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Kidney Week

Abstract: FR-PO086

Preceding High-Phosphate Diet Exacerbates AKI in Rats

Session Information

Category: Acute Kidney Injury

  • 103 AKI: Mechanisms

Authors

  • Nakagawa, Yosuke, Division of Nephrology, Endocrinology and Metabolism, Tokai University School of Medicine, Isehara, Japan
  • Komaba, Hirotaka, Division of Nephrology, Endocrinology and Metabolism, Tokai University School of Medicine, Isehara, Japan
  • Ishida, Hiroaki, Department of Transplant Surgery, Tokai University School of Medicine, Isehara, Japan
  • Hamano, Naoto, Division of Nephrology, Endocrinology and Metabolism, Tokai University School of Medicine, Isehara, Japan
  • Sawada, Kaichiro, Division of Nephrology, Endocrinology and Metabolism, Tokai University School of Medicine, Isehara, Japan
  • Fajol, Abul, Division of Nephrology, Endocrinology and Metabolism, Tokai University School of Medicine, Isehara, Japan
  • Wada, Takehiko, Division of Nephrology, Endocrinology and Metabolism, Tokai University School of Medicine, Isehara, Japan
  • Nakamura, Michio, Department of Transplant Surgery, Tokai University School of Medicine, Isehara, Japan
  • Fukagawa, Masafumi, Division of Nephrology, Endocrinology and Metabolism, Tokai University School of Medicine, Isehara, Japan
Background

Animal studies and epidemiological studies suggest that high phosphate diet accelerates the progression of chronic kidney disease. However, little is known whether high dietary phosphate intake affects the severity of acute kidney injury (AKI).

Methods

Six-week-old male rats were subjected to 35-min bilateral ischemia reperfusion injury (IRI) or sham surgery. For 1 week preceding the surgery, the rats were fed either standard diet (0.9% calcium and 0.8% phosphate) or high phosphate diet (0.9% calcium and 1.2% phosphate). After surgery, all rats were placed on standard diet. We evaluated the time course of changes in renal function and mineral metabolism for 3 days following IRI.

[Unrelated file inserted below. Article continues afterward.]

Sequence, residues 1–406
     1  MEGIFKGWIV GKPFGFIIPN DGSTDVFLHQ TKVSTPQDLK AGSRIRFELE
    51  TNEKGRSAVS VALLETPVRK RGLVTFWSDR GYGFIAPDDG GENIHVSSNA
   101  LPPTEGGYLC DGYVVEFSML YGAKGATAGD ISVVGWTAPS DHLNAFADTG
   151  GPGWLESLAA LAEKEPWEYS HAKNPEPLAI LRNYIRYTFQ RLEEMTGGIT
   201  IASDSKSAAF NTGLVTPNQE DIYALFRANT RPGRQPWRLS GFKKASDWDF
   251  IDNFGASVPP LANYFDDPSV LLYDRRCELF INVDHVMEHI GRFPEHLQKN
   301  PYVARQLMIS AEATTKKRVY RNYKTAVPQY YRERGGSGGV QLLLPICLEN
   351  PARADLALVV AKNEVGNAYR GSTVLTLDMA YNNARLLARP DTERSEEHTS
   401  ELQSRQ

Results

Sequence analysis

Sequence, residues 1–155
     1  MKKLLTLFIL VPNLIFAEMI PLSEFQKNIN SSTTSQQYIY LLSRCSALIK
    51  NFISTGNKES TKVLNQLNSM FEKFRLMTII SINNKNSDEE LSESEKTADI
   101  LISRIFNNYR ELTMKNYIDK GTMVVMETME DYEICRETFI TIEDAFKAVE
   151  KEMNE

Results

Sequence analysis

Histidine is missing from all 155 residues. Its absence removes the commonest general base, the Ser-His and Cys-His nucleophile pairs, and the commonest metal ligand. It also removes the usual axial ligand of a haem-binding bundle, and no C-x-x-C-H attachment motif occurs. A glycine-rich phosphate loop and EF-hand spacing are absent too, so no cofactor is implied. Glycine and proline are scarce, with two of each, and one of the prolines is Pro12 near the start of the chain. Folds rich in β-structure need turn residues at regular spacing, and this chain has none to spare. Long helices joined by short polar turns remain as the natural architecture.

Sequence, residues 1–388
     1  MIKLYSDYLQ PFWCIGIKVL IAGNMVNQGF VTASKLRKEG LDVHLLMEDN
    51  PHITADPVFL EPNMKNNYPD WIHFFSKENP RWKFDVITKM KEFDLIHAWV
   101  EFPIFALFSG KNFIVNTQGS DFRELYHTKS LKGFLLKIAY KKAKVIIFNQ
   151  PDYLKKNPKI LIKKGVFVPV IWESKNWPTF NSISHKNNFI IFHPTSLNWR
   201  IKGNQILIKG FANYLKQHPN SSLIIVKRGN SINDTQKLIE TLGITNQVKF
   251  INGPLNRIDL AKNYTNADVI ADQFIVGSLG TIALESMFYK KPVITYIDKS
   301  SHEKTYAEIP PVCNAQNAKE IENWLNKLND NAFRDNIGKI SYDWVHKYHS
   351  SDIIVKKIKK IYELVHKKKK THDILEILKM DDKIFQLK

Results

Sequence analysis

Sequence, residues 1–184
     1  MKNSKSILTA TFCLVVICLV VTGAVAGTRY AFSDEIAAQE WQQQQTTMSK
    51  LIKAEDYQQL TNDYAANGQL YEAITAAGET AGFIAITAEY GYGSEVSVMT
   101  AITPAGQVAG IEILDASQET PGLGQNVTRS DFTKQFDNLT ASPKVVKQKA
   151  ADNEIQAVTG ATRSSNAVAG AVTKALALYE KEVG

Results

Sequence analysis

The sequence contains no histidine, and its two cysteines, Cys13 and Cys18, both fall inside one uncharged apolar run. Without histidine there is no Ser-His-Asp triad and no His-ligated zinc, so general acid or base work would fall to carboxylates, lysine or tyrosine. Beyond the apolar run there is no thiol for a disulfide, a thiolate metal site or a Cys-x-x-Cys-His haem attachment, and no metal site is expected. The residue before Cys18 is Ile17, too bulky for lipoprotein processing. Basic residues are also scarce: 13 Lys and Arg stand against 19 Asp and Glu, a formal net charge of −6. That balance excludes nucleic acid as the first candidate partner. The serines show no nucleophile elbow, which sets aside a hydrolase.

Results

Compared to rats on standard diet, rats fed high phosphate diet for 1 week showed normal renal function, normophosphatemia, non-significant increases in FGF23 and PTH, and markedly increased urinary phosphate excretion. In rats kept on standard diet, IRI led to a 10-fold increase in blood urea nitrogen on day 1, which were accompanied by a 1.7-fold increase in serum phosphorus, a 2.4-fold increase in PTH, an 8-fold increase in FGF23, and a 2-fold decrease in 1,25-dihydroxyvitamin D. Rats fed high phosphate diet for 1 week prior to IRI showed more severe kidney injury and alterations in mineral metabolism. The renal and metabolic changes following IRI stared to regress by day 3 in rats kept on standard diet, but persisted for 3 days in rats fed high phosphate diet prior to surgery.

Conclusion

We show that high phosphate diet exacerbates AKI in rats even if they are switched to standard diet at onset. Our results suggest the need for routine dietary phosphate restriction in individuals who are at high risk for AKI.

Funding

  • Commercial Support